For as quickly as the internet has become second nature to millions of people across the world, it still can’t seem to keep up with the demands of the designer—typography is no exception. As of this post, designers are limited to only six “web safe fonts”—Arial, Courier New, Georgia, Times New Roman, Verdana, and Trebuchet MS. Keeping Search Engine Optimization (SEO) and web standards in mind, it seems unlikely that a Flash based option could potentially solve your typography woes.
As mentioned earlier, HTML and CSS only allow the use of web safe fonts—it’s safe to assume that these fonts came installed on your computer. “sIFR on the other hand allows website headings (and other text) to be styled in any font by enabling the designer to embed the font of their choice in a Flash element that displays the text. As a result the font used does not have to be installed on the user machine.”
Essentially, any assigned headings (h1, h2, etc…) will be converted to Flash files with the embedded font when the website is loaded. However, any search engine spider coming through your site will still be able to read all of the page content.
A more common alternative to sIFR (but one that could get your site penalized by the search engines) involves creating an image, setting it into the heading background, then hiding the actual text using CSS. In today’s crazy world of blogs and dynamically generated content, creating an image for each new heading isn’t very efficient – especially if you’re performing multiple updates a day. In comparison, sIFR will automatically load any tags you have set in your style sheet—essentially a “set it and forget it” method.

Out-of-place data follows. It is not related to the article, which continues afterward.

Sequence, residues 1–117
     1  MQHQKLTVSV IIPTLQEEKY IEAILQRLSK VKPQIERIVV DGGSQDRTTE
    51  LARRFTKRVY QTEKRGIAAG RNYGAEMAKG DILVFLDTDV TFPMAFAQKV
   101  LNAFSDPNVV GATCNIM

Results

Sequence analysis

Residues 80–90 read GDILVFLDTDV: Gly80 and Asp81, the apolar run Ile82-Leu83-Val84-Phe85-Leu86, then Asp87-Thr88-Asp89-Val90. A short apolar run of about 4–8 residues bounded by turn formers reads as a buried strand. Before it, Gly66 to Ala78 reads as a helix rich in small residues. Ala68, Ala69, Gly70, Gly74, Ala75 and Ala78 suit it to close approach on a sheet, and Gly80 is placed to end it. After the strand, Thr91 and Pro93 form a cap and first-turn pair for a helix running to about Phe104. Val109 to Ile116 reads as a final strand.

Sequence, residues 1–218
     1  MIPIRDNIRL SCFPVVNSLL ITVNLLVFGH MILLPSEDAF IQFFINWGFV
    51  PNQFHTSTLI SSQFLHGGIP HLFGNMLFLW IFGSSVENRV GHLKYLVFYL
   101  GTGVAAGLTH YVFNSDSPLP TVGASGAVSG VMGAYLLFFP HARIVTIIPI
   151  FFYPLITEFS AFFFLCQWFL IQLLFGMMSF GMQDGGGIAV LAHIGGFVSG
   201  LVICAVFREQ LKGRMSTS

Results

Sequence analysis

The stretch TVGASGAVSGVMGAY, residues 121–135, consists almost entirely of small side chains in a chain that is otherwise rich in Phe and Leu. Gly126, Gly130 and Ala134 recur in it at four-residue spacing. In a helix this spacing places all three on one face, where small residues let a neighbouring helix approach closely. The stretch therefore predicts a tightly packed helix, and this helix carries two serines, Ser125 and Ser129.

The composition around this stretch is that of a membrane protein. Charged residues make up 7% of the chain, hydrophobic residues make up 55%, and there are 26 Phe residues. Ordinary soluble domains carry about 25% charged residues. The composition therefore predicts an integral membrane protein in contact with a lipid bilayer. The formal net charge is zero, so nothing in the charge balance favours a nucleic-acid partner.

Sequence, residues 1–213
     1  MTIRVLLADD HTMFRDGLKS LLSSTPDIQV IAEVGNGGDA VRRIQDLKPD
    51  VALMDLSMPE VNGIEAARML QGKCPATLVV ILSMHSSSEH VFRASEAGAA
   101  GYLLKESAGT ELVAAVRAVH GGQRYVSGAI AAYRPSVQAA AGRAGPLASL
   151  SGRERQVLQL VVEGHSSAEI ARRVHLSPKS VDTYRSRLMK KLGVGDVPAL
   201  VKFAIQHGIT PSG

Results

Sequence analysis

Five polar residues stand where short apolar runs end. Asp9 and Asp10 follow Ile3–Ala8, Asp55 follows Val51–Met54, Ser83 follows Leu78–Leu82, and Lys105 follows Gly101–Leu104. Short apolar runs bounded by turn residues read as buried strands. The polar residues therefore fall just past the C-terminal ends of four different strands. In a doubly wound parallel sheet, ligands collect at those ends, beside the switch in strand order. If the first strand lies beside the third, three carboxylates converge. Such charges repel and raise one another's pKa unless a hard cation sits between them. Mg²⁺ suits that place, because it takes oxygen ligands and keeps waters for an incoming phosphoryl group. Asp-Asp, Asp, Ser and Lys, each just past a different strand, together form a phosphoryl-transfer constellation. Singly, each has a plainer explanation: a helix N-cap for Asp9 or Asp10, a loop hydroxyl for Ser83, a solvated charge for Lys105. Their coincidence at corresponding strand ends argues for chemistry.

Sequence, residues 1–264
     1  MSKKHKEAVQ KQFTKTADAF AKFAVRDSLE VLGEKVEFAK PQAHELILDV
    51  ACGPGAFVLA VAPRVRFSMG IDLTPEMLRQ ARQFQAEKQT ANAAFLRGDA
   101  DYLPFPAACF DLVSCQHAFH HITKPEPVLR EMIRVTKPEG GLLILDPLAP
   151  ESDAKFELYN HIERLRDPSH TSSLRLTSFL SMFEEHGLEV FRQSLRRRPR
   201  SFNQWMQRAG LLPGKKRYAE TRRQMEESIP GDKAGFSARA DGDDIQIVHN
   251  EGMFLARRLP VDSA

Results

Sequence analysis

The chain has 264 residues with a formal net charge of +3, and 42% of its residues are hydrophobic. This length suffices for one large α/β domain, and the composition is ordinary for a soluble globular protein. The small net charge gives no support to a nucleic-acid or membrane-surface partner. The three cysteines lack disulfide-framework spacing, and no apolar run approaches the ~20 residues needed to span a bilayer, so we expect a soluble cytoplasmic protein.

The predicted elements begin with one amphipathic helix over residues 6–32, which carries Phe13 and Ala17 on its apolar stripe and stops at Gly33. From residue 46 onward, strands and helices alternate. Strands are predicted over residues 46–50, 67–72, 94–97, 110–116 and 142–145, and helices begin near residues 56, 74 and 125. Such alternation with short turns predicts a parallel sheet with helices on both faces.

Since its release in 2005, many international companies have adopted the use of sIFR, including:
- ABC News
- Aston Martin
Still not sure if sIFR is right for you? Have a look at an example page.
Not convinced yet? How about a list of advantages and disadvantages:
1. Displays your headlines in virtually any typeface
- Ideal for companies with corporate fonts and identities that want to stay visually consistent with print media. (Check your typeface’s licensing agreement to see if online embedding is allowed.)
2. SEO friendly
- Content/copy “spidered” as HTML
3. More dynamic than images
- Can be easily created “on the fly” for dynamic content
- Faster copy changes/updates
- Selectable text
4. Graceful degradation
1. Limited control
- No kerning
- “So/So” anti-aliasing
2. Flash required for editing/setup
3. Flash player required for viewing
- Version 6.0 and above
5. Only headlines recommended
6. Minimal use recommended (per page)
- 3–5 (or less) instances per page
On a final note, sIFR is not seen as a long-term fix, but rather a temporary alternative to image-based headers. If you’re currently running a website that requires frequent updates and/or custom typefaces and want to streamline the process (while remaining SEO friendly) sIFR might be a good alterative to look into.
Looking for more information? Visit www.mikeindustries.com/sifr for documentation and files.